The collaborative initiative also generates evidence based interventions, approaches and models concerned with emergency care and recovery services for persons who are poor, homeless, living with mental health concerns. An outcome of this has been the emergence of a holistic framework of outpatient collaborative care that integrates biomedical, psychological and social paradigms to provide a range of inclusive living options for persons needing ongoing care. The Banyan and BALM-TISS’ programs are operational across three states (Tamil Nadu, Kerala and Maharashtra) with 15 service access points, that provide linkages to hospital, community, co-housing and inclusive living based options.
3.2.3. The TISS – Banyan Resource Centre on Homelessness and Mental Illness
According to official reports, India is home to 1.8 million homeless persons. It is estimated that between 25-30% of all homeless persons have at least one mental health condition and/or a co-occurring substance use issue. Mental ill health and homelessness are complex problems in isolation, and in combination, have persistent and devastating effects at the individual and family levels. Exposed to abuse, injury and starvation, and often experiencing a sense of alienation and loss of personhood; such persons live on the margins, excluded in multiple ways, often susceptible to multi-dimensional losses including the ability to participate in socio economic life.
For over two decades, The Banyan has been grappling with ways to promote social inclusion, enable access to livelihoods and support networks, and enthuse overall enhancement in quality of life; and has sheltered over 2000 individuals who have been poor, homeless and mentally unwell, of whom over 1800 have been reunited with their families. Keeping in mind, the vicious knot between mental ill-health, homelessness and poverty, most of its solutions have to come to integrate medical, psychological, sociological and social interventions and approaches, in such a way that they may be appropriate, comprehensive and responsive.
Focusing on the importance of social roles in recovery. The TISS-Banyan Resource Centre for Homeless Persons with Mental illness was developed. It is a health and social care system design that addresses the multiple deprivations that homeless people with mental illness experience; and generates pathways to recovery through energizing individual and collective social and cultural identity. For homeless persons living with severe mental disorders, it provides emergency and recovery centres and creates safe and enabling spaces for recovery, agency and reintegration, and restores dignity. Services include critical time interventions, crisis care, and access to clinical and social care (including access to livelihoods and social entitlements).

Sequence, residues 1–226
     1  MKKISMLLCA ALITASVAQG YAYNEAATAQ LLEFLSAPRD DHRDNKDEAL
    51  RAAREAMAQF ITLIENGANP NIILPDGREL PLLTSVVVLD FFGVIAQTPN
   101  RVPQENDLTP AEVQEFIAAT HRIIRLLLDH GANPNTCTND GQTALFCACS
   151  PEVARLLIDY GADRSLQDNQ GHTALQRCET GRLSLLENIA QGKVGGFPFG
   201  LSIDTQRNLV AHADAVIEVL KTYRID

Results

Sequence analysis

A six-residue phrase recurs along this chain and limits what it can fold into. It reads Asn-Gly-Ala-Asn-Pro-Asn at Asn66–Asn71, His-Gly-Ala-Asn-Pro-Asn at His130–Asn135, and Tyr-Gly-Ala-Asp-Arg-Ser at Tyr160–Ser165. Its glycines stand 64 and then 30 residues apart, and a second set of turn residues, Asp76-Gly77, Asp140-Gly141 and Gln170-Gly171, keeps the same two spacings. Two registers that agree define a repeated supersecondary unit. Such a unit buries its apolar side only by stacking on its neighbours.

The resource centre provides open shelter based services that is a localised, community owned mental health care delivery system focused on providing access to basic amenities (food, clothing, sanitation, shelter) and higher self care needs (health care, social care, access to livelihoods, etc.) for homeless persons with mental health issues. Its seeks to create a vibrant, inclusive, community driven space that breaks down barriers, challenges prejudice, promotes re-personalization, and promotes social mixing, thus building stronger, more inclusive communities. One such open shelter has been the five-year-old Open Shelter for Homeless Men with Psychosocial Needs, in collaboration with the Corporation of Chennai and HCL Foundation, through which over 400 men were reached and 80 returned back to the families.
The Home Again Approach: Normalizing mental illness, building valued social roles
The Home Again innovation fosters choice-based, inclusive living spaces through clustered or scattered homes in rural or urban neighbourhoods with a range of supportive services. People form affinity groups and live together in homes, in a community, creating a shared space of comfort that mimics a familial environment and promotes a feeling of kinship.